Ok, she could be a hypochondriac. So what if she is? She still needed to be seen!

At the least, she needed reassurance and compassion. If she’s a frequent flyer and there is truly nothing physically wrong with her, she still needs treatment.  Psychological treatment perhaps.  But that’s not an interesting case, and it’s NOT surgical, so this surgeon wasn’t interested in helping.  He was above all of that.

On the other hand, it’s far more likely that she IS in pain.  All those pages of google articles?  To me, that’s a sign of desperation, not a psychosomatic illness!  What would YOU do if you were in pain and no one believed you?  You’d google. You’d research. You’d look and act like you were obsessed and you would be desperate for answers because you just want the pain to stop!

This girl sounded familiar and very probably genuinely in pain to me.  Imagine, being that young and being in that much pain.  And being treated like that!  Being ignored.  Being ridiculed.

The conversation that I was listening to explained every story of bad treatment from doctors I’ve ever heard. It’s endemic.  It’s passed on from doctor to doctor.  I so wish I’d tried to record it on my phone. Have proof.  It’s appalling and it is in direct contraction of ‘first, do no harm’, one of the fundamental principles taught to medical students.

Ignoring someone who tells you they are in pain is doing harm.  Doing nothing can be doing harm.  Ridiculing and demeaning a person is doing harm.

I wish I could stay that I tore back the curtain and lined up that surgeon with a steely glare and told him all of that stuff that I just wrote down.  Explained to him the life of chronic pain and how disgustingly the system treated you if you had something that wasn’t quite ‘text book’.  If your bloodwork wasn’t quite typical.  If your scans didn’t show much.  I wish I’d talked to him and made him understand and that he then contritely went down to see that girl then and there.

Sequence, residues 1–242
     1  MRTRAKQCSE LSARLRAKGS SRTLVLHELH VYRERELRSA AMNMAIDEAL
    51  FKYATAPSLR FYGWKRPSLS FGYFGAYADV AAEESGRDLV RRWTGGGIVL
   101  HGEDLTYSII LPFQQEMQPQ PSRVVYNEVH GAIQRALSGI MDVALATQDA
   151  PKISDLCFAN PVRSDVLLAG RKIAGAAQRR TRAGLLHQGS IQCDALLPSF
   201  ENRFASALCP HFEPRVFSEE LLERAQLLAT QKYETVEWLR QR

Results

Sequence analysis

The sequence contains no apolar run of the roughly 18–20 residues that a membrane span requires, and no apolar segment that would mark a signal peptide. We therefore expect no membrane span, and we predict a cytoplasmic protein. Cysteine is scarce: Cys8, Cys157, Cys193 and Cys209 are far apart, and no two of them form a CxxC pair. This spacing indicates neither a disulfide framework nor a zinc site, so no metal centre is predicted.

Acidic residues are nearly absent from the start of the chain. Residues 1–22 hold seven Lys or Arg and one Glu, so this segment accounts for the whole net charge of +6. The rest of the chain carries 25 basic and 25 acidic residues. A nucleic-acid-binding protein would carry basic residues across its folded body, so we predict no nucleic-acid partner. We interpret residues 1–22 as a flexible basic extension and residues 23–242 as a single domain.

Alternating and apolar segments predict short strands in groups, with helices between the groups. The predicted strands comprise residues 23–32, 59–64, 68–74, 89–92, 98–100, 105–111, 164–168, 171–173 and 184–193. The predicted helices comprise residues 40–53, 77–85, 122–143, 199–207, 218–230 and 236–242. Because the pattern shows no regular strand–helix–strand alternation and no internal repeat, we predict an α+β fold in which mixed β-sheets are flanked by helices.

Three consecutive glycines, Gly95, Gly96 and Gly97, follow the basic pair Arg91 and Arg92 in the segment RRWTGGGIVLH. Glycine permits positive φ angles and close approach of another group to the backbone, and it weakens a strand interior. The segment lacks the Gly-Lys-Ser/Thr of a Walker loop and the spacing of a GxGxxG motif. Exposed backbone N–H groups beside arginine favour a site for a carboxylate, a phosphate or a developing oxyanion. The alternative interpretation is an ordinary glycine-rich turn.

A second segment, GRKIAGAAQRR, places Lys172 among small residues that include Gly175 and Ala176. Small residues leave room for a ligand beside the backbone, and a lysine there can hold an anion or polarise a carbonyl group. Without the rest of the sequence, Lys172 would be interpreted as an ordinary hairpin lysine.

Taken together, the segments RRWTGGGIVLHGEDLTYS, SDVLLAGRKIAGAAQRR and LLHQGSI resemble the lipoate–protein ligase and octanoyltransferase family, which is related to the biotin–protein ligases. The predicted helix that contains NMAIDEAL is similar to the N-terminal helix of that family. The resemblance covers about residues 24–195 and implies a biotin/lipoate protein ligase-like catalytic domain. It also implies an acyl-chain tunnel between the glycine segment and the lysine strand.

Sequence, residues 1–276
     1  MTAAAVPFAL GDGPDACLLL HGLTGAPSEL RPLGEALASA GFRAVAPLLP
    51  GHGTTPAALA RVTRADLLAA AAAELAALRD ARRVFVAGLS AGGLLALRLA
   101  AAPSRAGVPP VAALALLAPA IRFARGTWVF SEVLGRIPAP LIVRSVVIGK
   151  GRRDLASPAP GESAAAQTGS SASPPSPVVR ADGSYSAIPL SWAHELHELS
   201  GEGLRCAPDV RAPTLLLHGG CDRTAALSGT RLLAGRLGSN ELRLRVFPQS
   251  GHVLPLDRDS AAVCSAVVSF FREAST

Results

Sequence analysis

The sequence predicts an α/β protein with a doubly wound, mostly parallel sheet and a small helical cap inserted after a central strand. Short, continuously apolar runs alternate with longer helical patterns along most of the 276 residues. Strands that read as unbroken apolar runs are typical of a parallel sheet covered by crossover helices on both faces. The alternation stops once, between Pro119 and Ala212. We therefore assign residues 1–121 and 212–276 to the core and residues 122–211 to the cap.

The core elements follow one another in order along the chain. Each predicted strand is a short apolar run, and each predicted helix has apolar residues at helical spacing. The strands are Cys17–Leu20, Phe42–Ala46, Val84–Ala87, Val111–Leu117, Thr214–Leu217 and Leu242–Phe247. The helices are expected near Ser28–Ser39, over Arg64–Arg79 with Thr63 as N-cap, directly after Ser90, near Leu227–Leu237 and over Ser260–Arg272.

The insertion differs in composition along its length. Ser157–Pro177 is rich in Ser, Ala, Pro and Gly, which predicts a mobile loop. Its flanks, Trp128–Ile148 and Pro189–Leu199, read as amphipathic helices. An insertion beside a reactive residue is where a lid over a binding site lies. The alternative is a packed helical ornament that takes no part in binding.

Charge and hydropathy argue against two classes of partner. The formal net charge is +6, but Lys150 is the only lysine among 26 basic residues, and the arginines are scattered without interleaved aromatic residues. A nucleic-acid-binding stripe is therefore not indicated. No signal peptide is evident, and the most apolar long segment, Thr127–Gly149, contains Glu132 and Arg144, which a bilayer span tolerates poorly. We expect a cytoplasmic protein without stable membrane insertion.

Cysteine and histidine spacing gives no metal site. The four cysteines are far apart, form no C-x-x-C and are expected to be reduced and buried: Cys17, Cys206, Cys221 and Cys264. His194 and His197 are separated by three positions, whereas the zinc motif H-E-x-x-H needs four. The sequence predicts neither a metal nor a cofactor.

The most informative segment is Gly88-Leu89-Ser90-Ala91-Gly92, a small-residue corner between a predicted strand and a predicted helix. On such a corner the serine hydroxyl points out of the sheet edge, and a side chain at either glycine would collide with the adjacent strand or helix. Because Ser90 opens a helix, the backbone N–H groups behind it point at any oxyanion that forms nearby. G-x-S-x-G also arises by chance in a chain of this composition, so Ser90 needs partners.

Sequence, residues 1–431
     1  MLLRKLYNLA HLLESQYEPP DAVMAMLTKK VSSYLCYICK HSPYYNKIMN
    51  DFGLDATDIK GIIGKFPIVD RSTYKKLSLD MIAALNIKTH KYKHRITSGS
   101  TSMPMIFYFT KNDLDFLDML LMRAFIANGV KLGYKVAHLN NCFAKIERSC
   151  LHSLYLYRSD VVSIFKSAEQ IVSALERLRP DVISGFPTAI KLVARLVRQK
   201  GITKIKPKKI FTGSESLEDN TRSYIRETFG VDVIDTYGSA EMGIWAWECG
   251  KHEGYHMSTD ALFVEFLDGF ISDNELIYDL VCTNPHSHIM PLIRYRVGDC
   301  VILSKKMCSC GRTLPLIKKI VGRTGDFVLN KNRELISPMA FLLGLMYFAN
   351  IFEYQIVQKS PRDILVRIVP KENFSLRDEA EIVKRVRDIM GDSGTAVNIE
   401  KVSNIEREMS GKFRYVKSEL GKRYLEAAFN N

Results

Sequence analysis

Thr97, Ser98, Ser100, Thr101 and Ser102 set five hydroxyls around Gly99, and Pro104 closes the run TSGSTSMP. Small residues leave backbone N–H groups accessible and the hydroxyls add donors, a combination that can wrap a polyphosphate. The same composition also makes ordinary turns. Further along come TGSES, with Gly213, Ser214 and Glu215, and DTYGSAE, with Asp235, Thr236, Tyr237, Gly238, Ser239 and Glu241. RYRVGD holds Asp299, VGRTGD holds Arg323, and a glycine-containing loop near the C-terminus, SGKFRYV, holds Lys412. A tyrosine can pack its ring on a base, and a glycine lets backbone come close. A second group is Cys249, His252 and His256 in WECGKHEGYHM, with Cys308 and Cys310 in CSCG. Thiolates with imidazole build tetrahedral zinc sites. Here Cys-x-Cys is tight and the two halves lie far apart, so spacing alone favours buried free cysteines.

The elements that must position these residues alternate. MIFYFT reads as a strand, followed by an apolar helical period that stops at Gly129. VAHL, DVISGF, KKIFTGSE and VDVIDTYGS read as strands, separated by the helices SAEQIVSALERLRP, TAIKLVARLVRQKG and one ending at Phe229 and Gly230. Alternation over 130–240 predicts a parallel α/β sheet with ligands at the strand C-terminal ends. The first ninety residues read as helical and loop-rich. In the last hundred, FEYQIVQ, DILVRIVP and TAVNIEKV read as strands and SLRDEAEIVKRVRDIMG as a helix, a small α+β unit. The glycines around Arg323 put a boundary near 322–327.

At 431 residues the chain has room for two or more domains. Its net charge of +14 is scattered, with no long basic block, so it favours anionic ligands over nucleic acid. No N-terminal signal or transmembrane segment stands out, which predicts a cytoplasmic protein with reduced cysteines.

But that’s a fairy tale.  I wasn’t at all strong. I lay there and listened. I did nothing.  I felt terrible for her, but I did nothing.

I hope the intern went and saw her.  If she’s the same intern (and I believe she was) then I am sure she went and did the consult.

But I wish I had said something.

That surgeon would not have listened to me.  That surgeon will never listen to anyone.  But I wish I’d tried.

4 COMMENTS

  1. I have stood up to consultants, believe me it is not easy. But at least I sleep at night. With a clear conscience, I did my best for all of those I cared for. What a pompous self opinionated ass. Kick his butt all the way out of the hospital.

    • I am very glad that there are people like you who stand up to the God complex doctors. You are brave and strong and have very likely saved lives. Thank you.

  2. It may not be too late to do something. You could always put in a complaint in writing, ok you can’t prove it, it was hearsay, but it would be down in black and white and maybe, just maybe someone would then watch him, listen to him, maybe even ask the intern if she can corroborate the complaint. Especially after your own personal experience with your consultant at the same ER. People like this are in the wrong job, period. I do hope the young girl got the help she needed.